Instead of watching tv
I could have gone to your garden.
There you had grown sunflowers
and planted a walnut tree.

But I did not care at all
and didn’t try to cross the wall.
The walnut tree was cut down,
sunflowers turned all to dust,

and now, you’re so far away.
Unsaid words weighs heavy
on my heart. Yet I still dare
to hope it’s not too late.

Daddy! What a wonderful garden!

© Frédéric Georges Martin

~

illustration: the Gardener
Georges Seurat (1884-83)

the-bench

Poetry is not so much about writing
as it is about watching and listening.

That is how I know
you were sitting on that bench,

hidden in the light,
whispering words of love.

© Frédéric Georges Martin

~

Banc dans la lumière © 2016 – F.G.M.

When the blackbirds are back,
when the rain makes them sing again,
the shy masters of the garden
will tell us about little things

like the green lined joy of snowdrops,
the ruby beauty of cherry trees,
spider webs glistening with dew
or the Second Spring revealed anew,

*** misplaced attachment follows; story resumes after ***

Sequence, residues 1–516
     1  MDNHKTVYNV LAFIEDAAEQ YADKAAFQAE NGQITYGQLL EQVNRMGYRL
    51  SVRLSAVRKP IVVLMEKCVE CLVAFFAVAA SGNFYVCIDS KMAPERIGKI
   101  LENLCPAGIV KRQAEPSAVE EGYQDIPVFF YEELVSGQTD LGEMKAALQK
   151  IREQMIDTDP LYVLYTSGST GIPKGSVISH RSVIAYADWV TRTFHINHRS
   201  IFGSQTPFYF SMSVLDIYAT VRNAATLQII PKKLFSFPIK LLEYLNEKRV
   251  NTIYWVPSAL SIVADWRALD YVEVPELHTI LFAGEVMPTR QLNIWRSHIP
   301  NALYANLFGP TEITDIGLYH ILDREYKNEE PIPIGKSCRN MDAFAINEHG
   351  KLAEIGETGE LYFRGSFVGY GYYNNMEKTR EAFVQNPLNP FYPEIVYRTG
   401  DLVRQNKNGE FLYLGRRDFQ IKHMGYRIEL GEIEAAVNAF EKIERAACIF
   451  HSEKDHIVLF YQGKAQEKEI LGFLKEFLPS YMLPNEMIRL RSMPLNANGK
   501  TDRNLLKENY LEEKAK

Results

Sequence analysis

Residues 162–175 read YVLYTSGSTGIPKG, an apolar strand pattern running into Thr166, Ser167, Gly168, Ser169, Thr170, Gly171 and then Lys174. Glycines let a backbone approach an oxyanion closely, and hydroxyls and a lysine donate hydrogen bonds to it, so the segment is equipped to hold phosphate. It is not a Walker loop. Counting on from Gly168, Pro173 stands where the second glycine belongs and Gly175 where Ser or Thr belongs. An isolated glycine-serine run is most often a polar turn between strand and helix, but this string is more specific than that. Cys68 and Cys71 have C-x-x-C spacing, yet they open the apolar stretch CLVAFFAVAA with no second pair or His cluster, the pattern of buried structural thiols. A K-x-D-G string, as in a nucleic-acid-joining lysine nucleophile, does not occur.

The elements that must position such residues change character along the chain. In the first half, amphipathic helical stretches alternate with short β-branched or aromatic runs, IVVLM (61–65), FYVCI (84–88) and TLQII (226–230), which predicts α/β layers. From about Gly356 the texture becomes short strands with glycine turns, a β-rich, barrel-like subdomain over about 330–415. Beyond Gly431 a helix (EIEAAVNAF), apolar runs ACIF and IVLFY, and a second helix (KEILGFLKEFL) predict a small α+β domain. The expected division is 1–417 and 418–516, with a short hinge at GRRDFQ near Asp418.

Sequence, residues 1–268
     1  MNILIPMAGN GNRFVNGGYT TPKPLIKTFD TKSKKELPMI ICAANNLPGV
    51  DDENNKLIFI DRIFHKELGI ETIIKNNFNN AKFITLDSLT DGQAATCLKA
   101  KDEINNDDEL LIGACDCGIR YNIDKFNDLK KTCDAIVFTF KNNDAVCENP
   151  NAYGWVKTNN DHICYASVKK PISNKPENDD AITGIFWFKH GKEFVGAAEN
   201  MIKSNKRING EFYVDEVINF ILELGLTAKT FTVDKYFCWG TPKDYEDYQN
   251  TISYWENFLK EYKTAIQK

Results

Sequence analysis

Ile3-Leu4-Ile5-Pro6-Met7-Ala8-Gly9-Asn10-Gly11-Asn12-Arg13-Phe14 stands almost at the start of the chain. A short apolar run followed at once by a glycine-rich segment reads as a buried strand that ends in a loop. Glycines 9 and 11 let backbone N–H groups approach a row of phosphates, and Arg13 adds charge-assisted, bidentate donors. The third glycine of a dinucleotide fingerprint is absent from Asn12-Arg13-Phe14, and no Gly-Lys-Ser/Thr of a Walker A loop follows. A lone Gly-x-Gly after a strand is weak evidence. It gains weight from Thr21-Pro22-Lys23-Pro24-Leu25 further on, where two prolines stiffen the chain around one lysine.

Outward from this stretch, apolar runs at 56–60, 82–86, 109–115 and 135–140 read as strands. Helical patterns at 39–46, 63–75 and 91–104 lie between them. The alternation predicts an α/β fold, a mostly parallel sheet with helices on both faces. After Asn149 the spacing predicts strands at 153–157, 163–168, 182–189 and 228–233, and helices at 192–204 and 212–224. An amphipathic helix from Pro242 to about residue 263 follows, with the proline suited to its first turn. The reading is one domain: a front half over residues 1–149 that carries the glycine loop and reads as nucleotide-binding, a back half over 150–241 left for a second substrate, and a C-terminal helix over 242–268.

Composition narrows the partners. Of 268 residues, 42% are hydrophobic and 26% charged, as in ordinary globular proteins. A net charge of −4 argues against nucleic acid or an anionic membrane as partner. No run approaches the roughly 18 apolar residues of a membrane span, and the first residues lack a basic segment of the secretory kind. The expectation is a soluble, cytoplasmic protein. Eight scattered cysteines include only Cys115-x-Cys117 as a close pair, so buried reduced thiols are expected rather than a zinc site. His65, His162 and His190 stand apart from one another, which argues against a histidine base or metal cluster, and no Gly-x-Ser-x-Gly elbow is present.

and if we stay quiet long enough
we may hear a few more words of Hope
there is never one Sunrise the same
and the best is always yet to come.

© Frédéric Georges Martin

The nights get colder and colder.
Without a sound
the red oak leaves
are falling on the ground.

Snails and ferns
before they sleep or die
can now watch
faint stars in the sky.

Yesterday
Summer was buried.
The wind blew,
a pale flower worried.

© Frédéric Georges Martin

the-kitchen-garden-gustave-caillebotte

I sowed tiny seeds of words
like aspen, maple, rowan
and got three magnificent trees.

I thought of lilies and bees
and wrote a few lines
about rosemary and thyme,

then I drew an alley and a Door
where ivy hadn’t crept the wall
and goldenrod was standing tall,

and this was neither art nor poetry
but rather a garden beyond memory,
such a pretty place to see you again.

© Frédéric Georges Martin

~

Illustration: the Kitchen Garden, Gustave Caillebotte (1877)

Claude Monet, The House at Giverny Viewed from the Rose Garden (1922-1924)

My garden, my friend,
I won’t go away
without saying farewell
without thanking you.

The old cherry tree knows much
about hope and gratitude,
and I’ll certainly learn from its knotted branches
one last lesson of patience and fortitude.

I smile to the white butterfly
flying in the blue light of bliss:
wildflowers seeds will ever stay
under the magic spell of Summer winds,

but I know I’m going to leave you
without looking back,
for no flower has ever grown
from a gardener’s tear.

© Frédéric Georges Martin

~

illustration : la maison vue du jardin aux roses,  Claude Monet (1922-1924)